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Angela Huang Selected to Participate in International Mentoring Workshop

Huang1-BArticle written by Dr. Deborah Knox

“Have you considered advanced work in programming languages?” began the email Angela Huang, Class of 2017, received in September.  Our faculty are always on the lookout for opportunities for TCNJ Computer Science students, and this particular email encouraged and guided Angela to prepare an application to attend the 6th ACM SIGPLAN (Special Interest Group on Programming Languages) Mentoring Workshop.  After writing her essay on what she hoped to gain from the workshop and working through some editing suggestions from Dr. Knox to strengthen her impact statement, Angela submitted her application in mid-October.

She received an invitation to attend the workshop and professional conference with a full scholarship, including registration fees, travel, and accommodations.   The Programming Languages Mentoring Workshop (PLMW) will be held in Paris, France, immediately before the Principals of Programming Languages Conference (POPL) during January 2017.   PLMW encourages senior undergraduate students to explore careers in programming language research.   The workshop will provide Angela mentoring for a research career in order to help her imagine how she might contribute to the research community.   Last year, the Workshop included sessions focused on topics such as how to succeed as a graduate student, how to write research papers, and how to decide on a research career in academia or industry.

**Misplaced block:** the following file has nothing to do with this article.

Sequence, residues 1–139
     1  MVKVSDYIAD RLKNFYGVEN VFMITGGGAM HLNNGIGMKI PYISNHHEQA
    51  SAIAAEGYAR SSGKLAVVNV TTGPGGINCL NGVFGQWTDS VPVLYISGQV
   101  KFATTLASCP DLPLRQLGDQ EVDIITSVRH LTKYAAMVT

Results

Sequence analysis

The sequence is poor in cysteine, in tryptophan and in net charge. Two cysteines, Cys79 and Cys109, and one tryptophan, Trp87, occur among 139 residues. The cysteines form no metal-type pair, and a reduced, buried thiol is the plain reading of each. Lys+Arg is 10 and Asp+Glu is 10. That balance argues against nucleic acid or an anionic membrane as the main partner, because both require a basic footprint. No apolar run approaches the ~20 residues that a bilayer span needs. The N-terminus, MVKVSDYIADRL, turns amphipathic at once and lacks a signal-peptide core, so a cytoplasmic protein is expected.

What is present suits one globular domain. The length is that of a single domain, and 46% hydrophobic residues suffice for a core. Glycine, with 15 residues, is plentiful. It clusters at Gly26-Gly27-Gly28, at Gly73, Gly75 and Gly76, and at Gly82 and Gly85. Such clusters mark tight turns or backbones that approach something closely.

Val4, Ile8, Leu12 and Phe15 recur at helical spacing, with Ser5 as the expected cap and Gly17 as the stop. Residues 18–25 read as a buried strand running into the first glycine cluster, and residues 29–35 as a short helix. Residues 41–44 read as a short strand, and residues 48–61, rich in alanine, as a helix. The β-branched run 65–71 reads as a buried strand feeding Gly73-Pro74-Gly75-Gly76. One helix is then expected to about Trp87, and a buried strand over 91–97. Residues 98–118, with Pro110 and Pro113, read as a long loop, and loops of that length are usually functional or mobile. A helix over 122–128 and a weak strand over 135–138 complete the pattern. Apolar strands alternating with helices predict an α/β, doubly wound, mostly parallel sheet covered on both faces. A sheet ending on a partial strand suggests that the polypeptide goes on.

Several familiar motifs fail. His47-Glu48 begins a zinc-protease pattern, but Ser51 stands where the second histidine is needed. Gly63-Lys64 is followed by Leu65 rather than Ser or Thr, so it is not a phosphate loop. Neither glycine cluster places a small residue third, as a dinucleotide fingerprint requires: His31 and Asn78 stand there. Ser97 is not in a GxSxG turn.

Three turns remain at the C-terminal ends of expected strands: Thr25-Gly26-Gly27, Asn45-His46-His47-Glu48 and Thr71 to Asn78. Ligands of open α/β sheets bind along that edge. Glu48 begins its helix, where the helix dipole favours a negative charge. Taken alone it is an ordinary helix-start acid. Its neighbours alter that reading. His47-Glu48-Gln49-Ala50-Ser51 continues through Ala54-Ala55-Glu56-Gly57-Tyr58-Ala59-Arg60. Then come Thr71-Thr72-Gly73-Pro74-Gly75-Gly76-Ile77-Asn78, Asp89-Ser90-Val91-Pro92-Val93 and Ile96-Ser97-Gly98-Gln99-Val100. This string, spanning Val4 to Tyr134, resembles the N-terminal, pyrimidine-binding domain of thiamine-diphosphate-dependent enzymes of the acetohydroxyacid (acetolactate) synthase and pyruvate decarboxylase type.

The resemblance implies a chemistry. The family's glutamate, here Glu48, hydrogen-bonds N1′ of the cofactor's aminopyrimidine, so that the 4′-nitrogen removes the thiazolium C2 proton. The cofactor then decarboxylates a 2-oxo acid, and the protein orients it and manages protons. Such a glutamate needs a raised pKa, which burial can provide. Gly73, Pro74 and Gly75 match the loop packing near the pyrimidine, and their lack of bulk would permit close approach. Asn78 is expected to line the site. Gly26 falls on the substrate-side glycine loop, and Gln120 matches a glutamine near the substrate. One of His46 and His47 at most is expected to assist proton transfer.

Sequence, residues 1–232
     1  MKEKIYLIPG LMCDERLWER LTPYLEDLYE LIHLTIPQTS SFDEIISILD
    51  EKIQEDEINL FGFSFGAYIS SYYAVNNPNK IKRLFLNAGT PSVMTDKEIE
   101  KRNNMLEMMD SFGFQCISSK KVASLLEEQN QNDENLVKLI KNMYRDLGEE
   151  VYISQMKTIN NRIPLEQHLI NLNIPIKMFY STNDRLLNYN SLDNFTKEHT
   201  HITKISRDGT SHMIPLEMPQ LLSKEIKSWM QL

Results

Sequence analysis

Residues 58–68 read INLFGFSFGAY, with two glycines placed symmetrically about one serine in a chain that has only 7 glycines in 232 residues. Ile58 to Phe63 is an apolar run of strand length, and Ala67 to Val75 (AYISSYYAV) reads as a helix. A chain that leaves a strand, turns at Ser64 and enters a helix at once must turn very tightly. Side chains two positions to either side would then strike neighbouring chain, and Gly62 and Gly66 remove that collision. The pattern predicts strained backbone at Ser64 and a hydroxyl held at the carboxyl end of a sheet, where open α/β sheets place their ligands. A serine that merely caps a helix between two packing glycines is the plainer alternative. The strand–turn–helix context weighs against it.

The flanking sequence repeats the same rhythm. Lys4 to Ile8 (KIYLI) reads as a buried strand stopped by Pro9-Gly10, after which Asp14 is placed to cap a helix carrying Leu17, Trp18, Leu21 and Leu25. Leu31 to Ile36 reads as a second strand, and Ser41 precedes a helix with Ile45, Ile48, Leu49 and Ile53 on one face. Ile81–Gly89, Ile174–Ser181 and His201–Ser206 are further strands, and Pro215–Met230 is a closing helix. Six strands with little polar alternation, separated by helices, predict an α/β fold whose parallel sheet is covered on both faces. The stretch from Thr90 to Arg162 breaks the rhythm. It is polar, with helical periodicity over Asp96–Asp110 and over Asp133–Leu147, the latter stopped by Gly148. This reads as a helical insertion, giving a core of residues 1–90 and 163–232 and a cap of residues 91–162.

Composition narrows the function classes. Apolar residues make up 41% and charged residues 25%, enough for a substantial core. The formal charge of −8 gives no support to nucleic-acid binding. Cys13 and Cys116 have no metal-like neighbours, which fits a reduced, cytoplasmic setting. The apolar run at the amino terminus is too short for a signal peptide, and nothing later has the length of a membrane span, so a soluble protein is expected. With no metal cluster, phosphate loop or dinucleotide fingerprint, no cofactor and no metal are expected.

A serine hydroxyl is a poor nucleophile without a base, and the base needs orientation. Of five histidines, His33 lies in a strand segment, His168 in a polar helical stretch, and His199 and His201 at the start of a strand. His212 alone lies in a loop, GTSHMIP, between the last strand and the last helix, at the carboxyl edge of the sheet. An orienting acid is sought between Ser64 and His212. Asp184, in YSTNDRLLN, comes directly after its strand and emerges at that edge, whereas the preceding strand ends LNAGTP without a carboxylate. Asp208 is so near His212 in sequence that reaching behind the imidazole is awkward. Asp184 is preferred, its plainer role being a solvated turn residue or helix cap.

In addition, during PLMW, Angela will listen to presentations given by world leaders in programming language research and engage in professional discussions.  PLMW is sponsored by NSF, ACM SIGPLAN, Amazon, Facebook, Jane Street Capital, Microsoft, and Google.  During the technical POPL conference, Angela will gain new insights as both theoretical and experimental papers will be discussed, with topics ranging from formal frameworks to experience reports.

Angela looks forward to the workshop: “I believe that when trying to get a sense of a particular research area, nothing can replace the impact that face-to-face interaction with real researchers in the field can have. Getting my questions answered by some of the field’s experts, receiving advice from current graduate students, and meeting with students at similar stages in their research careers are all valuable interactions that this workshop openly offers.”

Congratulations, Angela, for being selected to participate in this international opportunity!   

We look forward to hearing about your experiences at the workshop and conference.